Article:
In any business there are three possible ways to improve gross your contribution margin , these are:
Increase sales volume
Raise selling prices
If the outputs of your business are services rather than physical products, this can be restated as:
Increase the quantity of services provided
Raise unit charges, for example hourly fee rates.
Sometimes marketers use more sophisticated terms than these, for example, they may refer to:
Changing the product mix
Altering the gross profit mix of product range
Changing the customer mix
But each of these variations are the three basic strategies to improve the contribution margin.
Why not just lower prices?
Stagnant or shrinking markets could be characterized by intense competition. Many businesses operate in these markets by trying to maintain or increase their sales volumes by lowering their selling prices to meet competition. This in turn reduces the gross margin on every product sold.
For example, in Table 1 the first column shows a profit plan for one year, assuming a selling price of $10 per unit sold.
The second column is an alternative plan showing what the business hopes to achieve in the same year, but this time with the selling price per unit reduced by 10% to $9 to meet the competition.
If your business consists of service products rather than physical products, then the unit price shown in the tables will need to be converted to service hours charged.
In practice however, the strategy of lowering and selling prices is very dangerous.
1. Little volume increase: In an intensely competitive market situation it is most likely that competitors are also reducing their selling prices, that's a price war in progress.
Accordingly, instead of increasing sales by 15,000 units as in the second column of Table 1, it is probable that the business will achieve little if any increase in volume as a result of reducing its prices by 10%.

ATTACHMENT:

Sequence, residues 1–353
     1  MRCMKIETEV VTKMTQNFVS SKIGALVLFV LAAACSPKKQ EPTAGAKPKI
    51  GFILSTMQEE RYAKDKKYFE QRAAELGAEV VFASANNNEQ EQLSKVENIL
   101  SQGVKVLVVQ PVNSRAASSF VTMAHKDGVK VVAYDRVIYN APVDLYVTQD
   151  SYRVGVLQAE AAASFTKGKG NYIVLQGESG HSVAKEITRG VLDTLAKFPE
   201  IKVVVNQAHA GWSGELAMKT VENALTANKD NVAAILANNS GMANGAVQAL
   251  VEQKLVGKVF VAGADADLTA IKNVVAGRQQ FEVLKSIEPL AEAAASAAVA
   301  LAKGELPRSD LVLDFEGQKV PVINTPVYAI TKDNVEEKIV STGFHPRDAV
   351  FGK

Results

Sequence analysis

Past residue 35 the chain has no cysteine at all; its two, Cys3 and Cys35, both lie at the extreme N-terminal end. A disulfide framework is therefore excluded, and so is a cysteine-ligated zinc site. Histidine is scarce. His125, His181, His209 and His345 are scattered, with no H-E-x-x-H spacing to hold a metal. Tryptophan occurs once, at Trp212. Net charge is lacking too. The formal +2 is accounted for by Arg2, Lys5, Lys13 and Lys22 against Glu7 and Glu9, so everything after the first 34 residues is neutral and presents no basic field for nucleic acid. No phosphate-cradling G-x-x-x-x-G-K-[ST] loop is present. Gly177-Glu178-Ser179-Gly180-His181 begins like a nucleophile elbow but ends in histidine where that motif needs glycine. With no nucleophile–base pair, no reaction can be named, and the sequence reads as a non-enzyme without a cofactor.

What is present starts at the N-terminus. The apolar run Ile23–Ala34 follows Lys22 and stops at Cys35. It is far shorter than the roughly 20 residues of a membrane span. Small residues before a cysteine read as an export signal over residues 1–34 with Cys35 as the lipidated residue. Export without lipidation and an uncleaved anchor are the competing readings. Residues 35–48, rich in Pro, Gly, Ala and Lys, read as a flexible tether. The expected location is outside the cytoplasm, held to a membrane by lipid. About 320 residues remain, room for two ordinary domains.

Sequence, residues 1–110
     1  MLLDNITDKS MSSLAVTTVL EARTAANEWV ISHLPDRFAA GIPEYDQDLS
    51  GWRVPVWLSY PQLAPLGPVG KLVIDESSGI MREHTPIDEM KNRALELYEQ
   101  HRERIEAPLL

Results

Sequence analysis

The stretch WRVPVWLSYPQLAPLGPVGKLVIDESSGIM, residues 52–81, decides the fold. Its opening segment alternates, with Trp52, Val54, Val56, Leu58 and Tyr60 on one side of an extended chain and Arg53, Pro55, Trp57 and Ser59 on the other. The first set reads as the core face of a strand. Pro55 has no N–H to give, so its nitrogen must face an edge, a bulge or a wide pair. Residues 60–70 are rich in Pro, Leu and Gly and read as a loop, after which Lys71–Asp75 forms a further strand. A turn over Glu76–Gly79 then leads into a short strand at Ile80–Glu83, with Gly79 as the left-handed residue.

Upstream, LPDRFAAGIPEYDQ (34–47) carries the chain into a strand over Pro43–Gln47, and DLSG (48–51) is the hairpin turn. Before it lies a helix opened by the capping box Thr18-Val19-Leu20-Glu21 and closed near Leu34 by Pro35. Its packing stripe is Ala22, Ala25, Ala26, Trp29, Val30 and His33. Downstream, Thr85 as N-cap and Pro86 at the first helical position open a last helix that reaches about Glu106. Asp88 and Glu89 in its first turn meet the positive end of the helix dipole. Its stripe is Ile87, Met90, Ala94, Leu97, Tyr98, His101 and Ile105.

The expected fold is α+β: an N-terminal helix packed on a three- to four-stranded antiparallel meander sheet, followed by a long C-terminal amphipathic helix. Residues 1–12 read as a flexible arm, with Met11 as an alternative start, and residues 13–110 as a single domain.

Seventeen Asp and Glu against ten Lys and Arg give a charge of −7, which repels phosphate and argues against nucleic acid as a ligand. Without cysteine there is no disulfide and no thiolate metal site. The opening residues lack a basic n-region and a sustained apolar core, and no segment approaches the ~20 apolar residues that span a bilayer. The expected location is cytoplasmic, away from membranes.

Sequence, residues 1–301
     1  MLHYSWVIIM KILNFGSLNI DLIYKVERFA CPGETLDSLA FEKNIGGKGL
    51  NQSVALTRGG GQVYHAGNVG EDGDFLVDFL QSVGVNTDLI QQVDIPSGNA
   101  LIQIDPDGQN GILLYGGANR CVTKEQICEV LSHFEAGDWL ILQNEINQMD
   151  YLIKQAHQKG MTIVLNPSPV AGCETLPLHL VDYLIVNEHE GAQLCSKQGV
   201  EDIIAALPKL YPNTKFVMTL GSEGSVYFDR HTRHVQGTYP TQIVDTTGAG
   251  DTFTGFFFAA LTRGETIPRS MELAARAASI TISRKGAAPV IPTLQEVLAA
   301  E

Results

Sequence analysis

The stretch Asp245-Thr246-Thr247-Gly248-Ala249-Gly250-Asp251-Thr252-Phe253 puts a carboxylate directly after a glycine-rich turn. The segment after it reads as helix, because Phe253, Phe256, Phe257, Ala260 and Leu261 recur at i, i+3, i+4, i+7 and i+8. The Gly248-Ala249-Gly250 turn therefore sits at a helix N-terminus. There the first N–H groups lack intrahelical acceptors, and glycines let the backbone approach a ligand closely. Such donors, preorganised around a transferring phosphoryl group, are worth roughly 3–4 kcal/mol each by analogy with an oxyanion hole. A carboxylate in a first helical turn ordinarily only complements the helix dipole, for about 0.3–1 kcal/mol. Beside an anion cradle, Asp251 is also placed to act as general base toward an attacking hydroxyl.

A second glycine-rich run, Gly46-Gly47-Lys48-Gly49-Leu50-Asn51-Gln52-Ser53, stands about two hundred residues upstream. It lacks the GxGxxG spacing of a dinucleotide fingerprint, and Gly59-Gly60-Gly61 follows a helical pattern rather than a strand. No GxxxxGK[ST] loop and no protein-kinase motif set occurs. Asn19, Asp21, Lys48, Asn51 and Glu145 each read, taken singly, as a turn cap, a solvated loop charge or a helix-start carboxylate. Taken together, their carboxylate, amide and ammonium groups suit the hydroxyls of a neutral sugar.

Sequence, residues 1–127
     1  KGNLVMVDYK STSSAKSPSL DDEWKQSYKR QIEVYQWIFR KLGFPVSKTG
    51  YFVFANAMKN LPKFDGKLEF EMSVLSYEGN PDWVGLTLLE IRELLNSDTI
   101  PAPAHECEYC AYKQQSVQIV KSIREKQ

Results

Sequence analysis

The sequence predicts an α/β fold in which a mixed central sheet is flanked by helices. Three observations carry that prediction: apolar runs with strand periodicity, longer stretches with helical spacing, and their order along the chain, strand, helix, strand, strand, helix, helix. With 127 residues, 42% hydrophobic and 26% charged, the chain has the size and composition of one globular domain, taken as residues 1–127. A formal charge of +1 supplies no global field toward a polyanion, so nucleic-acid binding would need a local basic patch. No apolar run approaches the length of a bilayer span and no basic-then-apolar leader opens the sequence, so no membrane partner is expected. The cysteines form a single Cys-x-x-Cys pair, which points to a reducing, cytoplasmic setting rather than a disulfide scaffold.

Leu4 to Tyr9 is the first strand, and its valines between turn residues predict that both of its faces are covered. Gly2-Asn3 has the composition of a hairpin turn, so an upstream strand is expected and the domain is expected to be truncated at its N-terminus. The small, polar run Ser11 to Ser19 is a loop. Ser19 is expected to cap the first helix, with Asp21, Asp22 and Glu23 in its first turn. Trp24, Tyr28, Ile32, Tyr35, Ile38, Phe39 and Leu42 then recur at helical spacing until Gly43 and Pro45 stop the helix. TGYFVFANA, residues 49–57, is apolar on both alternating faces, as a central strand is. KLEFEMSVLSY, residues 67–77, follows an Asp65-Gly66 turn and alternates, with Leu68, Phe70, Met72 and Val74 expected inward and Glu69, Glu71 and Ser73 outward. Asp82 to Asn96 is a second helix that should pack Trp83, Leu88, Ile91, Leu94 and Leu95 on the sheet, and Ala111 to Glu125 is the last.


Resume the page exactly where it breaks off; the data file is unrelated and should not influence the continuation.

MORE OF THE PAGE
2. Indirect costs increases: In Table 1 it is assumed that indirect costs will remain constant at $200,000 when unit volume increases by 15,000 units. In practice however, an increase in volume cannot rarely be achieved without a greater input of indirect costs. This is particularly so in a highly competitive market.
For example, extra expenditure will be required on items such as advertising and other promotional costs, salesmen's commission and salaries and distribution costs.
These projected factors have been built into table 2 where it is assumed that the following events what occur if the business reduced it selling price by 10%:
1. Sales volume would rise buy 4% from 50,000 to 52,000 units.
2. Indirect costs would rise by 5% from $200,000 to $210,000 as a result of the greater input required to achieve the 4% increase in sales volume in the highly competitive market which the business operates.
The numbers in the second column of Table 2 are indicative of the disastrous results of a business which reduces selling prices in a bid to increase sales volume, while operating in a highly competitive market.
In the table below we refer to contribution margin as gross profit (same thing just different terminology).
Further problems caused by inflation: At this point we also need to consider the further the complications caused by inflation. In a high inflation situation both the direct and indirect cost of the business (as shown in Table 1 and Table 2) will typically be increasing.
These increased costs can be financed from two possible sources, these are: 1. Net profits earned by the business 2. Cash injection from outside borrowings
But as shown in the second column of Table 2, lowering selling prices in a competitive market situation reduces net profit. Table 2 shows that the business would have made a net loss of $2,000 if prices had been reduced by 10%. In these circumstances the business would need to borrow more funds from outside sources to finance increases in operating costs in the following year.
A business which attempts to maintain or increase volume by reducing selling prices in an intensely competitive/ high inflation situation may suddenly find it has little if any net profit remaining.
Alternatives to lowering prices: The three methods you can use to raise the contribution margin of your business, are therefore:
Increase sales volume
Raise selling prices
Stay focused and key your eye on the contribution margin.